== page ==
Adrienne Rich: “Diving into the Wreck”

See image credit below.

See image credit below.

I suppose you could say that Adrienne Rich’s iconic poem “Diving into the Wreck” is about scuba diving, but that’s like saying Homer’s Odyssey is about a trip.

Sure the narrator is a diver. She – or he – “put[s] on / the body-armor of black rubber / the absurd flippers / the grave and awkward mask” and prepares to descend.

But the narrator is not a typical diver. For one thing, the narrator is alone, no one on deck to supervise or assist with the dive. Even the ladder that goes down the side of the schooner would go unnoticed to the unknowing eye. As the narrator says, this is no Jacques Cousteau expedition.

The narrator, however, is intrepid and steps down the ladder, “[r]ung after rung” until the ocean “begin[s].” Leaving behind the familiar world of oxygen, “the blue light / the clear atoms / of our human air,” the narrator goes deep into an unknown world.

In the blue, then green, then black water, the narrator quickly realizes that “the sea is not a question of power,” that she or he will “have to learn alone / to turn my body without force / in the deep element.”

Soon, the narrator reaches the destination: the wreck. The narrator tells us at the start that she or he has “read the book of myths, / and loaded the camera.” The narrator is ready to “explore the wreck” and uses “the words,” perhaps from the “book of myths,” to find and investigate the wreck.

By the time the narrator has made it to the wreck, the reader has come to understand that this is no ordinary dive, no run-of-the-mill journey. No, this is a plunge into the human psyche, perhaps even into what Carl Jung called the “collective unconscious.”

The narrator says, “This is the place”: “I came to see the damage that was done / and the treasures that prevail.” “The thing I came for,” says the narrator, “the wreck and not the story of the wreck / the thing itself and not the myth.”

What parts of the collective unconscious, the human psyche are accessible to this diver? Can she – or he – move beyond the word maps others have left behind in the book of myths? Will she or he be able to see the wreck, not just the story or record of the wreck that others have left behind? It is the original contact with the actual world that the diver seeks.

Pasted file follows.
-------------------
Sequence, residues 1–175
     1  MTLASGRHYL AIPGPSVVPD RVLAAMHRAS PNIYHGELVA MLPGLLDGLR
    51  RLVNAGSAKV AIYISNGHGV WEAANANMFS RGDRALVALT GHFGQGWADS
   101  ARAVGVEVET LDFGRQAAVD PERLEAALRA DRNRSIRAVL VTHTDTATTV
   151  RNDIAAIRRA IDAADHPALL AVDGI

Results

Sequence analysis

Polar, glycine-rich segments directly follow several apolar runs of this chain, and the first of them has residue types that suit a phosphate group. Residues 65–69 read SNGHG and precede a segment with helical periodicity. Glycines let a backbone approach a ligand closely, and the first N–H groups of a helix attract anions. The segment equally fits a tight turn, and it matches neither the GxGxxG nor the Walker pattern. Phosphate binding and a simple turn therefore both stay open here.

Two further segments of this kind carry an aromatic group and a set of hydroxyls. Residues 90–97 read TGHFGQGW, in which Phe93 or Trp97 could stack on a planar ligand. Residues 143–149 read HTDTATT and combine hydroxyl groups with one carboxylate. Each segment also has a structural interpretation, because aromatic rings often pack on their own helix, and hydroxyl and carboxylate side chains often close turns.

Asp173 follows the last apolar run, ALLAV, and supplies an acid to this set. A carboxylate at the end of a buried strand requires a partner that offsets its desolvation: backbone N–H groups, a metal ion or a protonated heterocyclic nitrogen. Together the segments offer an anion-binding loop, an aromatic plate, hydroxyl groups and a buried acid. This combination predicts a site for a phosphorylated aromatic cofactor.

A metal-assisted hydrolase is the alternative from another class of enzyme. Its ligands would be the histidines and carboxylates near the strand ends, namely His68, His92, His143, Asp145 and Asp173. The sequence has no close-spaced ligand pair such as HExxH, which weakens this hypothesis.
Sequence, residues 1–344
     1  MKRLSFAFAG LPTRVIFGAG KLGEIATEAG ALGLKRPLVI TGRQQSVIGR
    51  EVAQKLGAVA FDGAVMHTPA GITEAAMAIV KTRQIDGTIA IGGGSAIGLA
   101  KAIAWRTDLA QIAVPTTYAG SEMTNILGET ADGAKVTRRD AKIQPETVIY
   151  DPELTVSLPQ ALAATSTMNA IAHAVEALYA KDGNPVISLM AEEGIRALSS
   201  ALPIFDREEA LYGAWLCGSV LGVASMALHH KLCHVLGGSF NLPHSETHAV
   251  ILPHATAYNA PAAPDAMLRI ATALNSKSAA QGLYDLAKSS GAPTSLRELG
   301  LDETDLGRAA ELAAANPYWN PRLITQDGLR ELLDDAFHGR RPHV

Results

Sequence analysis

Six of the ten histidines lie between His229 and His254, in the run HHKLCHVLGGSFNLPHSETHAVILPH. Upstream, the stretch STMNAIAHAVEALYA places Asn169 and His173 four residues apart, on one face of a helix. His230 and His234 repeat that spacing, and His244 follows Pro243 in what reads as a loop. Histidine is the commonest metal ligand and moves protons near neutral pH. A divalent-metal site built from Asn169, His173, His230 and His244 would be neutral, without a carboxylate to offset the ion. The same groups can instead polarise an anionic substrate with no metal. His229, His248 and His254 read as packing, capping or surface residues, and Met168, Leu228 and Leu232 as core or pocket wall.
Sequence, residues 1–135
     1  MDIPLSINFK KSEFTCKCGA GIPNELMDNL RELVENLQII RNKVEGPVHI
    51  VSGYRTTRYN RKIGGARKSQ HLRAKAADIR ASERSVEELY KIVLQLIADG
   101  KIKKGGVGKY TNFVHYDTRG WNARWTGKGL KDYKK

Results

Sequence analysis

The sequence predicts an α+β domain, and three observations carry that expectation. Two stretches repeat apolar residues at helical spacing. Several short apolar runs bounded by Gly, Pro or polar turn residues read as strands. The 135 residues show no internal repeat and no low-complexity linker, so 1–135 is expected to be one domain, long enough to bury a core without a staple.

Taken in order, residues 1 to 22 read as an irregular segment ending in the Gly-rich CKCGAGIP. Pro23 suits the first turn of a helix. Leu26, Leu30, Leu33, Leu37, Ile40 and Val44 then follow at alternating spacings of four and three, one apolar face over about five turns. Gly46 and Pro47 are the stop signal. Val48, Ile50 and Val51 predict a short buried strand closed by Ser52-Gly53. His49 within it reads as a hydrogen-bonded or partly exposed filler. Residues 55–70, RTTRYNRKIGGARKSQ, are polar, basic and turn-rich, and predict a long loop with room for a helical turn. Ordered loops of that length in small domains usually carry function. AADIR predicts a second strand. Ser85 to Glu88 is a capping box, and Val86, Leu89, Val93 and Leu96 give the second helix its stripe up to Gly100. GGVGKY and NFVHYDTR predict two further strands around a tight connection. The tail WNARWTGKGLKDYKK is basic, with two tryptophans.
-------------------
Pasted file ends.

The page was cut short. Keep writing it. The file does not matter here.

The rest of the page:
By this point, the reader realizes that the diver represents everyone, all who dare to plunge beneath the surface of experience. The narrator speaks in the singular first person (“I”) and the plural first person (“We”), in the feminine third person (“she”), and in the masculine third person (“he”).

Near the end of the poem, the idea of the diver as stand-in for all searchers becomes clear when the narrator says, “We circle silently / about the wreck / we dive into the hold. / I am she: I am he[.]”

The poem concludes:

We are, I am, you are
by cowardice or courage
the one who find our way
back to this scene
carrying a knife, a camera
a book of myths
in which
our names do not appear.

What is the wreck? Who is the diver? What is the book of myths? What is the damage that was done, and what are the treasures that prevail? Much ink has been spilled speculating on what Rich “means” in this poem. For a sampling of how various readers, writers, and critics have interpreted this poem, visit the Modern American Poetry website. An especially powerful and personal reflection on the poem is offered by poet Rigoberto Gonzáles; he wrote the essay on the occasion of Rich’s death in 2012.

To my mind, the poem is an invocation and an invitation to exploration. Yes, the diver goes alone, and she or he confronts the wreck on its own terms. But in that final stanza when the narrator says, “We are, I am, you are / by cowardice or courage / the one who find our way back to this scene,” I believe that Rich is heralding others who have had the courage to dive down five miles or more (as Herman Melville said of Ralph Waldo Emerson) and that she is beckoning other seekers to join the journey into the depths.

When Adrienne Rich published this poem in 1973 in a collection of the same title, women’s voices were suppressed in the literary world. The next year, her book won the National Book Award (along with Allen Ginsberg’s The Fall of America). Rich, however, refused to accept the award as an individual and instead accepted it with fellow nominees Audre Lorde and Alice Walker in the name of all unknown women writers. Much as Walker called for the recognition of African American women creators in her essay “In Search of Our Mothers’ Gardens,” Rich was calling for the literary world to make room for more women’s voices. As Rich said, “When a woman tells the truth she is creating the possibility for more truth around her.”

Learn more about Rich at Modern American Poetry, at the Poetry Foundation, and at the Jewish Women’s Archive. The New York Times obituary – “Adrienne Rich, Influential Feminist Poet, Dies at 82” – is insightful. More resources can be found on the Modern American Poetry website.

If you’re ready to explore this poem in its entirety, you can read it online at If you’re interested in the entire book from which it comes, considered by many to be Rich’s masterpiece, you’ll want to have your own hard copy. A new volume – Collected Poems: 1950-2012 – is due out in June 2016. (Hint: time to preorder!)

Listen:Listen to Adrienne Rich read her most influential poem, “Diving into the Wreck.”



Image Credit: Adrienne Rich in 1980, used by permission from